*Key to grades:
The below uses are based on tradition, scientific theories, or limited research. They often have not been thoroughly tested in humans, and safety and effectiveness have not always been proven. Some of these conditions are potentially serious, and should be evaluated by a qualified healthcare provider. There may be other proposed uses that are not listed below.
Adults (18 years and older)
- Based on cases of poisoning and potential dangerous constituents, angel’s trumpet is not recommended. Traditionally, angel’s trumpet has been used as an enema, tea, or inhalant to induce visions.
Children (under 18 years old)
- Based on cases of poisoning and potentially dangerous constituents, angel’s trumpet is not recommended for children.
The below doses are based on scientific research, publications, traditional use, or expert opinion. Many herbs and supplements have not been thoroughly tested, and safety and effectiveness may not be proven. Brands may be made differently, with variable ingredients, even within the same brand. The below doses may not apply to all products. You should read product labels, and discuss doses with a qualified healthcare provider before starting therapy.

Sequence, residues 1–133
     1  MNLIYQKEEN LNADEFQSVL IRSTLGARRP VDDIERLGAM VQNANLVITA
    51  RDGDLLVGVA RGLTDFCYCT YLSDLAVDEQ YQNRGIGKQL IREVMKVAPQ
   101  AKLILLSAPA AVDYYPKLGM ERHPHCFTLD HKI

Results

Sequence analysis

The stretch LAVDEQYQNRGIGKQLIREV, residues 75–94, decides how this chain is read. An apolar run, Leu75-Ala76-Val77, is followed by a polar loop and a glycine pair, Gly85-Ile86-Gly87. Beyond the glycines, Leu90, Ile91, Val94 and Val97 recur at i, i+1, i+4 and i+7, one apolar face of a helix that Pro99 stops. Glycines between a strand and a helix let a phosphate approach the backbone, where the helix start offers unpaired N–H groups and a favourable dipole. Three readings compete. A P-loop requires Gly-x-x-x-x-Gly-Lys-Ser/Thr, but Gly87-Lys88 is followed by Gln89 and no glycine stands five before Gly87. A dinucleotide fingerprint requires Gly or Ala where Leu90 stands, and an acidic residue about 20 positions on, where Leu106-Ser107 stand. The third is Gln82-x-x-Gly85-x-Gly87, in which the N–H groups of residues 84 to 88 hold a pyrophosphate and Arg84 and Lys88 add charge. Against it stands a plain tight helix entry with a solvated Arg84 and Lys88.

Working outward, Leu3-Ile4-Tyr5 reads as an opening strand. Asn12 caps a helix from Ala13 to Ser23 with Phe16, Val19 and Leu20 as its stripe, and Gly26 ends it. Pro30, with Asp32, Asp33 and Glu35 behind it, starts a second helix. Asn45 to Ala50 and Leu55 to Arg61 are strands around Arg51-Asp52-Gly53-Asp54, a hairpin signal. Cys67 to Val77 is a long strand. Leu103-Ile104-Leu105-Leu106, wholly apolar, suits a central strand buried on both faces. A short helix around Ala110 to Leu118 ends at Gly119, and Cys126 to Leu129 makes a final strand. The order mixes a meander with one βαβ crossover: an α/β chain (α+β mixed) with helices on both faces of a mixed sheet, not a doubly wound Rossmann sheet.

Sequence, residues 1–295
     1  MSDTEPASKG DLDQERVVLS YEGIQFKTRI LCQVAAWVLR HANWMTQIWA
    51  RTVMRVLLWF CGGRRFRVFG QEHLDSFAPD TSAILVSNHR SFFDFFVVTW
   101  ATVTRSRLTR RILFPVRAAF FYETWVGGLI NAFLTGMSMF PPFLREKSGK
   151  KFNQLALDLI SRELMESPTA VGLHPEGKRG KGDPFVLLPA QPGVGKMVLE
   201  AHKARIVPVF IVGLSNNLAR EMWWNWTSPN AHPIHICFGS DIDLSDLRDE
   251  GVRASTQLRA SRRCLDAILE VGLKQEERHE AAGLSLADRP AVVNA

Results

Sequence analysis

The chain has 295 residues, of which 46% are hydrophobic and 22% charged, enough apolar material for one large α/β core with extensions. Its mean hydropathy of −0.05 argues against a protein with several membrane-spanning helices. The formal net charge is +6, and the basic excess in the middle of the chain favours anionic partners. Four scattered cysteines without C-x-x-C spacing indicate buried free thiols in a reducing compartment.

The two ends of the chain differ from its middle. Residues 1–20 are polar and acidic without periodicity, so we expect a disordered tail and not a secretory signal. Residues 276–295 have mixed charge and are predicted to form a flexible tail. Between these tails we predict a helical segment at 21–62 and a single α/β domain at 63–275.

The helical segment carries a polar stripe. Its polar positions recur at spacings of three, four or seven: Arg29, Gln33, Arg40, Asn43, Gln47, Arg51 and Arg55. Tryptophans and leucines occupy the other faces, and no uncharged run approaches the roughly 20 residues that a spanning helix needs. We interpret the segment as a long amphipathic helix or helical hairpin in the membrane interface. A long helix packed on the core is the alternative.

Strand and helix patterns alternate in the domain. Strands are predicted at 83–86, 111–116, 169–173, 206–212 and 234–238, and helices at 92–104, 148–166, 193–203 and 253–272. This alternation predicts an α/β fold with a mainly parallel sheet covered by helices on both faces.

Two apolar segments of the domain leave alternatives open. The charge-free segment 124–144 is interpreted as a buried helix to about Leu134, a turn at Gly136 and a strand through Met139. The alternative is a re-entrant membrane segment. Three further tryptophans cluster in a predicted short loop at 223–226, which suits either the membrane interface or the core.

- Avoid in individuals with known allergy/hypersensitivity to angel’s trumpet, its constituents (atropine, hyoscyamine, scopolamine), or Datura or Brugmansia species.
Side Effects and Warnings
- Parts of the angel’s trumpet contain the poisonous belladonna alkaloids atropine, scopolamine, and hyoscyamine. Angel’s trumpet is considered poisonous, and it is on the U.S. Food and Drug Administration’s (FDA) Poisonous Plants List. Because of the high risk for overdose and reports of increasing rates of this herb as a hallucinogen by teenagers in the United States, medicinal uses are often discouraged.
- Fever, flushing, intense thirst, disorientation, hyperactivity, ataxia, delirium, motor restlessness, over-talkativeness, convulsive sobbing, sexual excitement, changes in blood pressure, dry skin, vomiting, acute anticholinergic syndrome, excessive muscular tone, muscular weakness, muscular paralysis, clonus, disorientation, incoherent thought, fever, tangential thinking, illusions, seizures, convulsions, coma, alternating levels of consciousness, and audio-visual disassociation, mydriasis, anisocoria, anxiety, amnesia, psychosis, respiratory distress and weakness, constipation, delayed gastric emptying, suppression of gastrointestinal motility, decreased lower esophageal pressure, increase ocular tension in patients with narrow-angle glaucoma, increased urinary retention, and aggressive and autoaggressive behavior, have been reported after ingestion.